Spiders are a great topic to learn about for kids, especially since they are all around us. I’ve put together 20 fun spider facts for preschoolers and kids.
Many of the photographs of the spiders in this post were taken at The Butterfly Pavilion in Denver, CO. And yes, my little guy did hold a tarantula. I did too, and it was a super fun experience! Who knew that I could ever work past my own fear of spiders?
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20 Fun Spider Facts for Preschoolers:
1) Spiders are not insects. Instead, spiders are known as arachnids because they only have two body segments instead of three. Other arachnids are scorpions, mites, and ticks.
2) Spiders spin webs to catch other bugs to eat, but not all spiders make webs! Some actively hunt their prey and pounce.
3) Most spiders are not dangerous to humans.
4) The wolf spider carries her babies on her back with her.
(This photo is of a wolf spider, yet there are no babies on this one).
5) Most spiders live on land, but a few, like the raft spiders, live in and on water. These spiders can “run” across the water’s surface.
6) On average, it takes a spider about 60 minutes to spin a web.
7) Spiders are just as valuable to the world as larger animals, but most people don’t realize it. Many spiders are becoming endangered and are disappearing due to loss of habitat (home).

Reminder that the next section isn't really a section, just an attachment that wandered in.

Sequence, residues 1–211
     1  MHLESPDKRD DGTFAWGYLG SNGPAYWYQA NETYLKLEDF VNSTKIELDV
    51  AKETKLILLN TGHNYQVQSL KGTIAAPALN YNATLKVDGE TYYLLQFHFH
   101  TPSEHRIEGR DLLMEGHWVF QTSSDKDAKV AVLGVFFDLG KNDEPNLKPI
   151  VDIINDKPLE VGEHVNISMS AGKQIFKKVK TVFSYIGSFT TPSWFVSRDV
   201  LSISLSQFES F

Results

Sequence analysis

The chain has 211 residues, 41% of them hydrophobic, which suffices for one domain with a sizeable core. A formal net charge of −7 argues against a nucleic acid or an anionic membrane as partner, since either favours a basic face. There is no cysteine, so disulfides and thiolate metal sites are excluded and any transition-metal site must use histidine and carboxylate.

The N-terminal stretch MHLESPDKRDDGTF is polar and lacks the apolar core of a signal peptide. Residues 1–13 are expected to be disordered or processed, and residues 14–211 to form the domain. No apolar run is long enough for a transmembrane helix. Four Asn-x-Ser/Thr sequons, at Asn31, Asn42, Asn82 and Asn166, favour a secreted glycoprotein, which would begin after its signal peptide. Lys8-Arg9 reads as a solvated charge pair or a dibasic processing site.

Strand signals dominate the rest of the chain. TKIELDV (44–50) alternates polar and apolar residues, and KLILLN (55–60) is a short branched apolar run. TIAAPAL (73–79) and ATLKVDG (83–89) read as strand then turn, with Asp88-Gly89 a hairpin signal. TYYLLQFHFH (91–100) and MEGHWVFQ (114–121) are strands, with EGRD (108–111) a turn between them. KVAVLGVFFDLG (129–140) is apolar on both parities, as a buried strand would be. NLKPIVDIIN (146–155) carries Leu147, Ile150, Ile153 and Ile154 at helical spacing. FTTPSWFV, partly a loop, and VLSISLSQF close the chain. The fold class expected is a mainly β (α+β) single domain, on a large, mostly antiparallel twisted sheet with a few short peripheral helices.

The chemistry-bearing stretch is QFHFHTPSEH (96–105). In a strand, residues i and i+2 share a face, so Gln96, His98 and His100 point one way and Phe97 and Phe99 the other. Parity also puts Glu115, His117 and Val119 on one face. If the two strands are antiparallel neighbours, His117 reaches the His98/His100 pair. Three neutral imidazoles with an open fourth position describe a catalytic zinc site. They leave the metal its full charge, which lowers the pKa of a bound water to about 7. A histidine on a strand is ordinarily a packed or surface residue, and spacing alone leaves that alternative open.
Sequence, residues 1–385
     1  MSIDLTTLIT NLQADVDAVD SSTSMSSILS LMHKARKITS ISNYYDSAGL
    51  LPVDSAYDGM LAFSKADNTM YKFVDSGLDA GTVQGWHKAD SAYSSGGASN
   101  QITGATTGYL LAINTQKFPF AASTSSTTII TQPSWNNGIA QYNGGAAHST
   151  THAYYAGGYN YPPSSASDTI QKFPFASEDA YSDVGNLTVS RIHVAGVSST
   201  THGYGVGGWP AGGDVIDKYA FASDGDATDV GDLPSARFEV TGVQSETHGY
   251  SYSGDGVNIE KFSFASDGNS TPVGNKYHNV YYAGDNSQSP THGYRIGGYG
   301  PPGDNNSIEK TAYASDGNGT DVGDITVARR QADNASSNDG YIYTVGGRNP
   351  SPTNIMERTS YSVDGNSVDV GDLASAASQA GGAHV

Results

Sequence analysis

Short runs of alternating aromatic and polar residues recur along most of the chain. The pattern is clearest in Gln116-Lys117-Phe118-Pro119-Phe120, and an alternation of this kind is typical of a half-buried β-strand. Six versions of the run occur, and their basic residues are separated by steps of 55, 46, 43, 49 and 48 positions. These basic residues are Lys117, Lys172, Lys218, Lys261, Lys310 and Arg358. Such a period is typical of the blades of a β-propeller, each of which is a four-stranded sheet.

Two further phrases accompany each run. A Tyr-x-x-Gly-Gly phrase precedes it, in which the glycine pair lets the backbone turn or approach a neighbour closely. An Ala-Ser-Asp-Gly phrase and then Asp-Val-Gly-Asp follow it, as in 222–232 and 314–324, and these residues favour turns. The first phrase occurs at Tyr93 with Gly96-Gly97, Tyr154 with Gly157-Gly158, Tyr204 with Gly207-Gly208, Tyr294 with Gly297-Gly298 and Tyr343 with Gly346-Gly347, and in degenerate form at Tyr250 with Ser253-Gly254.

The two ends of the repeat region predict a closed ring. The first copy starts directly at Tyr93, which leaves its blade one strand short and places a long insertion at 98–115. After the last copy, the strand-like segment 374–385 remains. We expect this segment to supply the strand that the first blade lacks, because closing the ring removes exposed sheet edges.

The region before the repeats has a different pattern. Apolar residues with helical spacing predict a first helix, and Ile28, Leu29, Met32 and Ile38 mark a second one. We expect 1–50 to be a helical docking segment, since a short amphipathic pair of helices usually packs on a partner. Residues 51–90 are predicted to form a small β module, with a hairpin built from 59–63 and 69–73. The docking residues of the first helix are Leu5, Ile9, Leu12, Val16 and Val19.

8) The average house has 30 spiders.
9) You are always three feet away from a spider.
10) Grass spiders build a web on top of the grass. Their webs form a funnel shape, which is not sticky.
11) The silk strands in a web are 5x stronger than a piece of steel the same size.
12) Spiders have short hairs on their feet that allow them to walk upside down on ceilings and over glass.
13) Spiders are found everywhere in the world except for the cold polar regions of the Arctic and Antarctic.
14) The average life of a spider is one to two years. Although the female tarantula may live up to 20 years!
15) The silk is a liquid inside the spider’s abdomen. When the spider releases it, it becomes solid and forms a thread.
16) Some spiders eat their old web before starting a new one. Others roll the old web up and throw it away. Web spiders rebuild their web each day!
17) Spiders don’t usually eat their prey because they have small mouths. Instead, they put chemicals into and on the prey to turn the body into a liquid. Then the spider sucks it up.
18) The hair on a spider’s first pair of legs are sensitive to taste. The spider “tastes” its prey by touching it.
19) Spiders use muscles to move their legs inward toward their body. But they don’t have muscles to pull their legs out. So to move legs out, a spider has to pump body water into each leg. This is why you can sometimes see a spider curled up – he has lost too much water to push his legs out again.
20) Some spiders, such as the tarantula, are considered a low maintenance pet.
Many of these spider fun facts are taken from:
(1) Bugs and Insects – Sticker Activity Book by Sally Morgan. 2008.
(2) Bugs by Penelope York. 2002.
Some of the spider activities we’ve done are how to make a spider web in the sensory table, playing a spider game, making a spider sensory bag, creating your own pom pom spider, and going on a bug hunt.
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